Michigan residents may have heard about a lawsuit against Ben Carson and the U.S. Department of Housing and Urban Development, or HUD. The suit was filed because HUD had announced that it would delay implementation of Affirmatively Furthering Fair Housing. It was designed to prevent segregation when looking for housing. New York state recently announced that it was going to take part in the national suit filed by fair housing advocates.
Ben Carson wrote in 2015 that the rule was nothing more than “failed socialism.” Combined with other statements that he has made, there is a belief that he intends to undermine the rule by delaying its implementation. New York City has already announced that it will create its own fair housing rules to ensure that as many people as possible find suitable spaces to rent or buy.
Generally speaking, a landlord or homeowner must allow anyone with the means to acquire a property to have a chance to do so. For example, a landlord can’t tell a person that he or she is unable to rent an apartment because of that person’s gender or national origin. It could also be illegal to deny someone an apartment or other rental because an individual has a disability or a child. Homeowners typically cannot refuse to sell their home to a disabled person or because a buyer is of a certain race.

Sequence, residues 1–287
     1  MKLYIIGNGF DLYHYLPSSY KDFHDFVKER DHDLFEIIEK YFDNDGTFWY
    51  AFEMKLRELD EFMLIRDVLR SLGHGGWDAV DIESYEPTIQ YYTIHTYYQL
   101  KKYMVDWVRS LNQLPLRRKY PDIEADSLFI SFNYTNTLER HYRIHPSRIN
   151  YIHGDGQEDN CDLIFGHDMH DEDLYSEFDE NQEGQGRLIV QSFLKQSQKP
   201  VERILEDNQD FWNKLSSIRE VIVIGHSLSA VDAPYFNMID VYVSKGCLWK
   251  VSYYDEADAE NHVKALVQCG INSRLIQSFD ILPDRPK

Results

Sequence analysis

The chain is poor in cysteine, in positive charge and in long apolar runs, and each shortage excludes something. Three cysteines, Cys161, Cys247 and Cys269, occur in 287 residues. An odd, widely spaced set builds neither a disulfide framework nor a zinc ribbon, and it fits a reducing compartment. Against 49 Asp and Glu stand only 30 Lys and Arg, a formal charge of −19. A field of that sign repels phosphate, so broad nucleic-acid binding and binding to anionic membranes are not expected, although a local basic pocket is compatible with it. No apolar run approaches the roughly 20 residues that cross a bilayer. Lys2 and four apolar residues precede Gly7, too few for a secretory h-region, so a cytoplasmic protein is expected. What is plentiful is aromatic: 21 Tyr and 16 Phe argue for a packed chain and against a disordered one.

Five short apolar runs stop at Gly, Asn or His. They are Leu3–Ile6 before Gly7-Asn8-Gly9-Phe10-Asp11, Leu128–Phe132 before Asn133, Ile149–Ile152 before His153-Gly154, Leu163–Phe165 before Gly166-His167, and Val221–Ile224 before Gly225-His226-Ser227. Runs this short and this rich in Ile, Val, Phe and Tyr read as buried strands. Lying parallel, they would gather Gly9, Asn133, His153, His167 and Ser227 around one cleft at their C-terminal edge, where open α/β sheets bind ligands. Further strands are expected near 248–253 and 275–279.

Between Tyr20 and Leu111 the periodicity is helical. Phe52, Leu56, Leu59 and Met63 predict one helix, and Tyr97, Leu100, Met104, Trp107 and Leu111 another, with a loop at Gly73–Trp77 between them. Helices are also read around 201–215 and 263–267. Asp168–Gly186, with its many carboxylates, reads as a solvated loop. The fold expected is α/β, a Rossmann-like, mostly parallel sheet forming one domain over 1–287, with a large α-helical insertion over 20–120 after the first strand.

Individuals who believe that they have been denied the ability to rent or buy property may wish to consult with an attorney to determine if their rights have been violated. Evidence that may be used in a case could include text messages received from a landlord or statements made by a homeowner. If successful, a person may be entitled to compensation.